30 Days Without Social Media: (hopefully) a life hack

MJ Johnson, Staff Writer

Over the years, I had ebbed further and further from any involvement on most social media platforms. Tumblr, Reddit, and Facebook had all slowly been pushed out of my life. All that remained was a select few, like Tinder and Instagram, that I hadn’t quite been able to shake. I was still spending about two hours every day on Instagram, according to my iPhone.

Why have I whittled down my social media? It’s become a detriment to my self-esteem and my moral system, particularly the business model that’s being enforced by Facebook.

Facebook has, over the years, become a monopoly, swallowing up any distinct platform in its way, from Snapchat to Instagram. This type of business leaves no space for competition from other companies that might bring new ideas, styles, or innovations to the patrons of the internet. Another problem I have with Facebook (whom, I feel, pretty much owns half the internet) is the censorship. Why can’t women and non-binary people’s nipples be shown? and also, Shouldn’t sex-workers have equal opportunity to build a business on Instagram as any other type of worker? It might be different if there were competing platforms that didn’t censor photos and provided a space where everyone was celebrated, but there isn’t. Have content that Facebook or Instagram doesn’t approve of? Good luck using the platforms to build your artistic career or connecting with like-minded people, and good luck finding a competing platform that will give you the same access to the public.

So, ditch Facebook. And while you’re at it, ditch everything else too, including—especially—Instagram. Or Tumblr. Maybe even YouTube too, depending on what you watch. These platforms have tormented me for years, imprinting perfectionism to my adolescent brain. I felt this unspoken standard of what you were supposed to look like, what your income was supposed to be, how you were supposed to act and so on, being pressed onto my brain like a temporary tattoo. And when, inevitably, I couldn’t meet the standard, I became hyper aware of any and every way I didn’t make the cut. Why is this such a big theme on social media? Because insecure people make the best market for products that tell you they’ll make you prettier or successful. There’s a lot of incentive for models or lifestyle bloggers—“influencers”—to sell you beauty products. I kept Instagram for years, trying to convince myself that I had been using it responsibly, finally concluding that although I’m avoiding the models, I’m still using it to compare myself to others. I see what I could be doing at any given moment and berate myself for not being at a given party, or not being successful with my art, and etcetera. Instead of being a tool for discovery, it was just a constant reminder of everything I’m not.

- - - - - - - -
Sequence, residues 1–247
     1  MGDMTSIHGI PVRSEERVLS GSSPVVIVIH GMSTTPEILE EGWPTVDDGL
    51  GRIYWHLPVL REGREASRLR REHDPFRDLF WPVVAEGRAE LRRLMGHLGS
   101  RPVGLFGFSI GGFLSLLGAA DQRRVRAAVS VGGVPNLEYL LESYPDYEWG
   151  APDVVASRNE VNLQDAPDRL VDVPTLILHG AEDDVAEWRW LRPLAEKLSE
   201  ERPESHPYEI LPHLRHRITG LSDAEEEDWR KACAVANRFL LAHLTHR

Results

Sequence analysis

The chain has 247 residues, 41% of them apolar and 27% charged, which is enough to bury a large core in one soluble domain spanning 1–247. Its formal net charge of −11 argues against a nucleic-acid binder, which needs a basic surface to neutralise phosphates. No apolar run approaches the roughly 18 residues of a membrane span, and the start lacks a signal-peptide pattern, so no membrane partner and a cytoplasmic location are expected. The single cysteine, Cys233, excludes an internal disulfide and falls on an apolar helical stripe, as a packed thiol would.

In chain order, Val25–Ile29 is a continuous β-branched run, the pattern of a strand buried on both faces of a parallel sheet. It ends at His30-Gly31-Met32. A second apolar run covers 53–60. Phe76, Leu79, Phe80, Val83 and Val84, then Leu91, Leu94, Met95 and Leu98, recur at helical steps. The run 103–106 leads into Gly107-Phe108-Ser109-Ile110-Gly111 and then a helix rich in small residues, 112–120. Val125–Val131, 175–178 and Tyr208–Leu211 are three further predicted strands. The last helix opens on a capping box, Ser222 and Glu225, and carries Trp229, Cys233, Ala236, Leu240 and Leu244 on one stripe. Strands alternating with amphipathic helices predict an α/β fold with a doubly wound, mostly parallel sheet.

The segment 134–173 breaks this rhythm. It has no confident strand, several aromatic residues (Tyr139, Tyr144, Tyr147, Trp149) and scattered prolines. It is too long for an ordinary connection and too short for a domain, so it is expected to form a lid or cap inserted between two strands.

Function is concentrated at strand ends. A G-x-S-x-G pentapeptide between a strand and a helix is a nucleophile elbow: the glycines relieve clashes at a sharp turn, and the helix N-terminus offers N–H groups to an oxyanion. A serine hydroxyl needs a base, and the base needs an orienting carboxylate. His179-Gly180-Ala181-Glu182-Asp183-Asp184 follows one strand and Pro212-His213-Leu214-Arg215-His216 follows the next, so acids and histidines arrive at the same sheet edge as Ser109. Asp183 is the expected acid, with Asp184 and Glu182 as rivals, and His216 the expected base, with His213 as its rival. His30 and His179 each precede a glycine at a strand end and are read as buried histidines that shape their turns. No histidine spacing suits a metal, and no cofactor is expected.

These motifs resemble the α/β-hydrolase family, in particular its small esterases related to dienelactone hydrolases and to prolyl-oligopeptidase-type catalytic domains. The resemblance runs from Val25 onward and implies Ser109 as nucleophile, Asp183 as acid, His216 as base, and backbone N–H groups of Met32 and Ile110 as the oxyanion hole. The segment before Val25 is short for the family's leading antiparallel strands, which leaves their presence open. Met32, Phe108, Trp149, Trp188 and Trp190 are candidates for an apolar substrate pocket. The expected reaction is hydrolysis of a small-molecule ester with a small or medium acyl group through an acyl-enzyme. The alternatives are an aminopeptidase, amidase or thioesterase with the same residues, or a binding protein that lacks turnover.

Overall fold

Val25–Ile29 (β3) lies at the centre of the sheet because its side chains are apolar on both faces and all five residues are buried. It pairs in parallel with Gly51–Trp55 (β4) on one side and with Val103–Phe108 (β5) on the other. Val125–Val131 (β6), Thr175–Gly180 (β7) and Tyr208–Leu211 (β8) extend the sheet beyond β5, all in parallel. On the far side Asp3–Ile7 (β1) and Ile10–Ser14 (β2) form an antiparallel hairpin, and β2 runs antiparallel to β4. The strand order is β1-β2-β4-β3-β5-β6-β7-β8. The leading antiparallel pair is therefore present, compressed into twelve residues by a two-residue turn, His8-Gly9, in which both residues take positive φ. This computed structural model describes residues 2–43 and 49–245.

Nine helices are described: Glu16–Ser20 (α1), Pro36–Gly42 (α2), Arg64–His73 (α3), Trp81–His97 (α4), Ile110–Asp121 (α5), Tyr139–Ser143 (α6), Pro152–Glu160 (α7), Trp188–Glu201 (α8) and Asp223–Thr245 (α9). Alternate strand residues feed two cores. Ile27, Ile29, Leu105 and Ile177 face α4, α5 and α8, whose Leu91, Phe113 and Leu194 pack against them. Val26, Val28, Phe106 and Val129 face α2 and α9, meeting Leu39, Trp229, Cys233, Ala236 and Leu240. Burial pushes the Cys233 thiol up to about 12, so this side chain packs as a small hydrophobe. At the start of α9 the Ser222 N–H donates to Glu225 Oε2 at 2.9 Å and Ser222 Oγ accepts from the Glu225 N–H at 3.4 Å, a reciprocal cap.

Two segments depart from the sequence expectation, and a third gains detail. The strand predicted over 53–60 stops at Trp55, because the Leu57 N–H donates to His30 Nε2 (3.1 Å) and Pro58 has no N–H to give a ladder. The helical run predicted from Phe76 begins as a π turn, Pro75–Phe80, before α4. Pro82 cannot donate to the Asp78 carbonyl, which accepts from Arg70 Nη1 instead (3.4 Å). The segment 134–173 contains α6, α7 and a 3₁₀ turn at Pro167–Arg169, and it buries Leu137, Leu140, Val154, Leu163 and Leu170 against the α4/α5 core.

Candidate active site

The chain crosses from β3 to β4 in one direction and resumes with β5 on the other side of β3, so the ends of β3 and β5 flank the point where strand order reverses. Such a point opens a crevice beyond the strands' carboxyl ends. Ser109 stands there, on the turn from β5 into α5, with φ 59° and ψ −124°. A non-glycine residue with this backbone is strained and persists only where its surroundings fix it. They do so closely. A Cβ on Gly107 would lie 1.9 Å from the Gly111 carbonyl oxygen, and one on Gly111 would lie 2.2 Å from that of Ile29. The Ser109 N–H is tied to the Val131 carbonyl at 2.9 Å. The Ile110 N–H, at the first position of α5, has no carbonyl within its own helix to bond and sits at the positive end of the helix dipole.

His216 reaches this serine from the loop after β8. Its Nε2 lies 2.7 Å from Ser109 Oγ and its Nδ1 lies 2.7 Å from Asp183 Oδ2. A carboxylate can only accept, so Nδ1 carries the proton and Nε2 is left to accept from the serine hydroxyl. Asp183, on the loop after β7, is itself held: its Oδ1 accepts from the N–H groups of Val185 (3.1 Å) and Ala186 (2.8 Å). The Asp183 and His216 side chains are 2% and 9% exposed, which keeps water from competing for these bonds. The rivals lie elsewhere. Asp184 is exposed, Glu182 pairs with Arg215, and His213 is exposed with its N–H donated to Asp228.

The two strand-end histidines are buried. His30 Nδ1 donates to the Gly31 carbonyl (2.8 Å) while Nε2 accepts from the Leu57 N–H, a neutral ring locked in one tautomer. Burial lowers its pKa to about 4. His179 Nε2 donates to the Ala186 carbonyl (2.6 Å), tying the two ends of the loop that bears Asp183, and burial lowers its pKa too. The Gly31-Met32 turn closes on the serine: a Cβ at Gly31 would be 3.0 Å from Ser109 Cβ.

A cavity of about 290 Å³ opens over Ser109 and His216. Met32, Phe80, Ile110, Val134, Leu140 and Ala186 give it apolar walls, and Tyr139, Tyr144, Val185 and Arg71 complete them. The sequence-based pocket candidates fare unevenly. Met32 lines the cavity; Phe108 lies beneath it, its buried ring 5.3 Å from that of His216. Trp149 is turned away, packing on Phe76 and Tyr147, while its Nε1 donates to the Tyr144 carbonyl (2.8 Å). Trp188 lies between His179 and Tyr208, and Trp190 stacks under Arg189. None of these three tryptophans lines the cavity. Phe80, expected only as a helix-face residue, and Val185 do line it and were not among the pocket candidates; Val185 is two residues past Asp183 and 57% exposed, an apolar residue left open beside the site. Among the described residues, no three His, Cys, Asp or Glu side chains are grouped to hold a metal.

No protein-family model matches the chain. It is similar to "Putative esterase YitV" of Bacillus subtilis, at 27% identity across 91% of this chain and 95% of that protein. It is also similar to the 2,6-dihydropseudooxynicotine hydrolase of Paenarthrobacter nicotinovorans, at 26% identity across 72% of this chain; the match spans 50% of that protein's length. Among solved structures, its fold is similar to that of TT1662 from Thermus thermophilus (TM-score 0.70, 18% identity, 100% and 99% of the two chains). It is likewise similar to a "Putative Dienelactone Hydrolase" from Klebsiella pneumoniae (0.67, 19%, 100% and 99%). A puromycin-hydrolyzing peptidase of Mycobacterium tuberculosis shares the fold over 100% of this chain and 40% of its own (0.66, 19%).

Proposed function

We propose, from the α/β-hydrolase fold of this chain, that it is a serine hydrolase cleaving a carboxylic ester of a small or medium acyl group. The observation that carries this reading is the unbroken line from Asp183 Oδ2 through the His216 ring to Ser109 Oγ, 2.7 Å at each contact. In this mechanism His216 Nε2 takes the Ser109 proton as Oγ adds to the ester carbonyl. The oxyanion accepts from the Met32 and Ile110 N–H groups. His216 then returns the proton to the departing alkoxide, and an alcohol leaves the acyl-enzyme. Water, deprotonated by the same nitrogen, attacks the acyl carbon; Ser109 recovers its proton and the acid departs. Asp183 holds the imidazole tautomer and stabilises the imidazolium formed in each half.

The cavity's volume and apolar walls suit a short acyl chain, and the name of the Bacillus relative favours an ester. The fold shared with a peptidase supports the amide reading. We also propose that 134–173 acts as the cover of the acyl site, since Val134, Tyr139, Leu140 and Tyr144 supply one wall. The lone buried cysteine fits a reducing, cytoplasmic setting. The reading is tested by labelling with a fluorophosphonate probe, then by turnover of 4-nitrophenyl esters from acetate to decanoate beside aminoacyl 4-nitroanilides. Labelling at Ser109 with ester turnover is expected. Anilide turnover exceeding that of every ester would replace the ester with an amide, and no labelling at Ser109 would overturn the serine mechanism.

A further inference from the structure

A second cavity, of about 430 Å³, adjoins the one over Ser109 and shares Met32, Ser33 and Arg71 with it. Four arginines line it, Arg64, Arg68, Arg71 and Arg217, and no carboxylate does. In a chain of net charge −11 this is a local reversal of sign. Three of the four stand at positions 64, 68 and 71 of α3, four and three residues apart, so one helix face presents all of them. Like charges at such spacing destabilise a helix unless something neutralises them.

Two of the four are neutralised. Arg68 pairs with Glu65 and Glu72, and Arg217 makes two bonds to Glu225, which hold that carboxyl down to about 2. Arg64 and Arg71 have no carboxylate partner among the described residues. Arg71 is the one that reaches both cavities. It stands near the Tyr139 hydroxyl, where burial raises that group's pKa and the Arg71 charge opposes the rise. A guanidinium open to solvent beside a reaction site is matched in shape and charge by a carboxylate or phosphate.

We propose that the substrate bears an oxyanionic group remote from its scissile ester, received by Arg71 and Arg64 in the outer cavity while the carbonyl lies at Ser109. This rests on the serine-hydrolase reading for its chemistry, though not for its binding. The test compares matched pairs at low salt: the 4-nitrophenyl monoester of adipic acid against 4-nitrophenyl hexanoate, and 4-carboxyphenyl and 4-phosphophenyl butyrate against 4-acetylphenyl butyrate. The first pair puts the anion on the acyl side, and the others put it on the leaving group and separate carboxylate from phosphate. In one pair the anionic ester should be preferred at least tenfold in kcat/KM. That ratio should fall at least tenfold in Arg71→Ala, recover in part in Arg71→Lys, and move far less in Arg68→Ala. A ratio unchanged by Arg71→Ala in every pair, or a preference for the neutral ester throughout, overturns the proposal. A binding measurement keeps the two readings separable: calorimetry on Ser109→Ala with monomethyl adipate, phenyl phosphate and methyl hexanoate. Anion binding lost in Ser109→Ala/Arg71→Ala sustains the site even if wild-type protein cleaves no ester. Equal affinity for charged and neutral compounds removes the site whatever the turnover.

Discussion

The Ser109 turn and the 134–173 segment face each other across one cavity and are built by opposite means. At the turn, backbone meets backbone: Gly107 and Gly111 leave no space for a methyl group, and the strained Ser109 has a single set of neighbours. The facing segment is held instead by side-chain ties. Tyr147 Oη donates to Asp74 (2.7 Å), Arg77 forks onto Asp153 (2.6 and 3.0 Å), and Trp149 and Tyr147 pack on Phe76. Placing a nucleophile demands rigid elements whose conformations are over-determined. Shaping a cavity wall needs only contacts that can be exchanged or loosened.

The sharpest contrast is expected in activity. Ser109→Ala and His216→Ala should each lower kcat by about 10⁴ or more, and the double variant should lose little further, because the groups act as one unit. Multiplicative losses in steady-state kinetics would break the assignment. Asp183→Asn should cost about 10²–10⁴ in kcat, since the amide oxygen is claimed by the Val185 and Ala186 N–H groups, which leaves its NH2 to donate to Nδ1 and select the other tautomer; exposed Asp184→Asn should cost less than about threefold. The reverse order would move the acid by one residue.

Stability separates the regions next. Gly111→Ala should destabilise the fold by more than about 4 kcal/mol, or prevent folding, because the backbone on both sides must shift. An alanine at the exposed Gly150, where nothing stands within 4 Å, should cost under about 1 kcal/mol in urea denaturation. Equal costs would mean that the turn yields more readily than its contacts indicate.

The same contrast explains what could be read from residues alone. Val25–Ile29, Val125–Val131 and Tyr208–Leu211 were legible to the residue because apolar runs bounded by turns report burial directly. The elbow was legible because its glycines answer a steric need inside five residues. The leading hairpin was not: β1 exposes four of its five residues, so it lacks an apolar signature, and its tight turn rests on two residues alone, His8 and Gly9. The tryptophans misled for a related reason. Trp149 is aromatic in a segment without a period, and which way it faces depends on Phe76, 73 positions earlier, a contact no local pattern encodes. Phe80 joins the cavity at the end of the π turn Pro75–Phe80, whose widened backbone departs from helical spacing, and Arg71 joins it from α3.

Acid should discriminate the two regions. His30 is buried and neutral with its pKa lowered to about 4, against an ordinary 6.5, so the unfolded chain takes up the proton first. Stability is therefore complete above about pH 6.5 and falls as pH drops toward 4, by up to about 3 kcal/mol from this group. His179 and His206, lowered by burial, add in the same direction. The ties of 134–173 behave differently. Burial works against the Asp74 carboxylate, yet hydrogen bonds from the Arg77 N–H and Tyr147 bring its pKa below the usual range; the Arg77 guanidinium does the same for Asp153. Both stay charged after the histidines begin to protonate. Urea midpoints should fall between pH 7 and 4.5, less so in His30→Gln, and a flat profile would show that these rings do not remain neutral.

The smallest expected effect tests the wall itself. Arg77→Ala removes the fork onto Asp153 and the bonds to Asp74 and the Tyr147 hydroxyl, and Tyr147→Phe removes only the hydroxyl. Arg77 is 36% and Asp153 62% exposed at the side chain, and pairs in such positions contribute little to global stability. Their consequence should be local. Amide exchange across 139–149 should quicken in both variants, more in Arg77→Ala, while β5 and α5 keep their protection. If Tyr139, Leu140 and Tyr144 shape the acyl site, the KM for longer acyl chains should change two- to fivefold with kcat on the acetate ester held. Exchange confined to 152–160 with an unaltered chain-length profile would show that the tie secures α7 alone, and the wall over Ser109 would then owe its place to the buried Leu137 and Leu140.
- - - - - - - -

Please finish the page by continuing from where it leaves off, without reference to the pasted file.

And so, without further ado, I am now deleting the very last social media I have. This journey will be treacherous. There will be memes I have never heard of. There will be new fashions and trends. I will have to trust my friends to update me on the newest queer theory or what’s newly cancelled. It will be scary, but I am dedicated. I will disregard my FOMO*.

Please join me on this journey, if you’re curious, by either reading my story to come or by trying it yourself. Reach out to me if you have any perspective or experience you’d like to add. I’ll be keeping my email,  [email protected].

(For the sake of transparency, I will be keeping Tinder because 1. I feel that I use it little enough that it doesn’t have much effect on my life, and 2. I am a—out and proud—slut.)

*Fear Of Missing Out